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Premium Member
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77 Posts
Oh I may have the "Constabulary wrong".
No, the only words you got right were Australian & New Zealand.

Someone once quoted that to me, and it stuck in my brain as seeming unusual to use a policing term not a military term.
Not unusual enough to verify before posting to the WWW, particularly on ANZAC day?

It is important that the facts remain and are not blurred or altered over time.

LEST WE FORGET.
 

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Gordon Steadman
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7,124 Posts
There are things about this time of year that I like. The world turning green and the weather turning a bit warmer - some of the time.

But oh...the things I hate. Mainly about food. This is the time that last year stored stuff has run out and this years supplies from the garden are not ready yet. We have to buy things from the supermarket. I know there are people who actually survive on this stuff but what ever happened to their taste buds? We have just had our first salad of the year. The leaves were bitter and soggy. The tomatoes broke the trades descriptions act. Tasteless and tough, obviously force ripened and certainly not suitable for eating raw. Hopefully, they will cook with enough basil or rosemary to make them taste of something even if not tomato.

Bananas that go rotten after a day or two, fruit that like the toms don't taste of anything, I could go on some more....but it's too boring. Whatever we buy when we go back to the UK is going to have a big enough garden to keep growing our own fruit and veg so we can enjoy the process of eating rather than just doing it through necessity.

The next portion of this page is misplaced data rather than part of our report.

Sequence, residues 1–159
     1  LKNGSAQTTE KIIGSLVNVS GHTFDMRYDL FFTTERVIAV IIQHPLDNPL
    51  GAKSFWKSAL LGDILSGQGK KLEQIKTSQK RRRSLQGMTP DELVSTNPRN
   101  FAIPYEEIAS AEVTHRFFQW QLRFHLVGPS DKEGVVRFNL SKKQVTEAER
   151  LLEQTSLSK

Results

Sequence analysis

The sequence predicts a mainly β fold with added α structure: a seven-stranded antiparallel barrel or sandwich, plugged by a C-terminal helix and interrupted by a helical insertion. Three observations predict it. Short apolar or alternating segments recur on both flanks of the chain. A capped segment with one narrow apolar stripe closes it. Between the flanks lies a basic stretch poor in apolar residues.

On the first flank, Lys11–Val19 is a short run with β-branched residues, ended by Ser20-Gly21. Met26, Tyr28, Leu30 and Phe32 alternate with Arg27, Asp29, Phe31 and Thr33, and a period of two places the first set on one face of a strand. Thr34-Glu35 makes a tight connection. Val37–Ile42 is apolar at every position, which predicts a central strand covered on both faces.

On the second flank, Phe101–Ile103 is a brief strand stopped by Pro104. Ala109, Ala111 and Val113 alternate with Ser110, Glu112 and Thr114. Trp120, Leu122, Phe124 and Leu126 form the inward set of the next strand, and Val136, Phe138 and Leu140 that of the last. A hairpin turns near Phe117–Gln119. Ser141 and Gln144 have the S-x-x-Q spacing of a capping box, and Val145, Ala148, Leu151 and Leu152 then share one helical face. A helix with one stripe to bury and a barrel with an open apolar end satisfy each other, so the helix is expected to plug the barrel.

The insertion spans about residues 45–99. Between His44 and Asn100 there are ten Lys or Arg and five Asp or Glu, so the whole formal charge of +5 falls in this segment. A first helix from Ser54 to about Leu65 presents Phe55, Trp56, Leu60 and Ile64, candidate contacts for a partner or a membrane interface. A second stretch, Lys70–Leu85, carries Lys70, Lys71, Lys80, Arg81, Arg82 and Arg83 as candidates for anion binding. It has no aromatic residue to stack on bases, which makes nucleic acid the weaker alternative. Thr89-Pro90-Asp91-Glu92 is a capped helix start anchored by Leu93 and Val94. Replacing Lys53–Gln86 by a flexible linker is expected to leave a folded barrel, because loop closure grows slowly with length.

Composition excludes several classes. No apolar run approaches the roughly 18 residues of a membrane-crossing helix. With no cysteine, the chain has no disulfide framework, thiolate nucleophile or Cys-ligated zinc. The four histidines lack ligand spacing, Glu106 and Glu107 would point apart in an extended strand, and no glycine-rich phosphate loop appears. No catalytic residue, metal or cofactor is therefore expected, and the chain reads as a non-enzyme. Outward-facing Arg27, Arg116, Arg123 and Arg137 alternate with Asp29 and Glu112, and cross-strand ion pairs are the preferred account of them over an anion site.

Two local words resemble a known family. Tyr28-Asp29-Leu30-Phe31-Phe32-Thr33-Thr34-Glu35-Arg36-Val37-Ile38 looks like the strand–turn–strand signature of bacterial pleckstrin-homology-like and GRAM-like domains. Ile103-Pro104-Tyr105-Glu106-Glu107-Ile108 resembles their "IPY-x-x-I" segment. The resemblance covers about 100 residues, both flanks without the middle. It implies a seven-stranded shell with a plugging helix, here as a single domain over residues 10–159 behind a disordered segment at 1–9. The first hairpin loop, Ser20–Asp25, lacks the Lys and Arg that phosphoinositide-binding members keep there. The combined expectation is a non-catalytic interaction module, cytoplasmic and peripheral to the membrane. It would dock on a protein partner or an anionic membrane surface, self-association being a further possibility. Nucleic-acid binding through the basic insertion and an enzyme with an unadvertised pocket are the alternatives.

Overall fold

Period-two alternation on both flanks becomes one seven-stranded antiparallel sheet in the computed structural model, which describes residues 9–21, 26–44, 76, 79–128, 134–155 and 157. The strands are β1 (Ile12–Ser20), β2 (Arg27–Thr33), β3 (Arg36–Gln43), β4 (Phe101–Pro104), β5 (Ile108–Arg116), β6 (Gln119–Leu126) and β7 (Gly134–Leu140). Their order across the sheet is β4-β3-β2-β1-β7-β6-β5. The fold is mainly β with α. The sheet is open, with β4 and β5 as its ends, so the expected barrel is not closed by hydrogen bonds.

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No proper farmers' markets in your neck of the woods?

If I had time I would gladly sped hours getting my produce directly from the farmers or at least form a local distributor I could go to if I were not happy..
 

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Premium Member
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2,593 Posts
There are things about this time of year that I like. The world turning green and the weather turning a bit warmer - some of the time.

But oh...the things I hate. Mainly about food. This is the time that last year stored stuff has run out and this years supplies from the garden are not ready yet. We have to buy things from the supermarket. I know there are people who actually survive on this stuff but what ever happened to their taste buds? We have just had our first salad of the year. The leaves were bitter and soggy. The tomatoes broke the trades descriptions act. Tasteless and tough, obviously force ripened and certainly not suitable for eating raw. Hopefully, they will cook with enough basil or rosemary to make them taste of something even if not tomato.

Bananas that go rotten after a day or two, fruit that like the toms don't taste of anything, I could go on some more....but it's too boring. Whatever we buy when we go back to the UK is going to have a big enough garden to keep growing our own fruit and veg so we can enjoy the process of eating rather than just doing it through necessity.
Totally agreed.

Though we currently have an abundance of purple sprouting brocolli.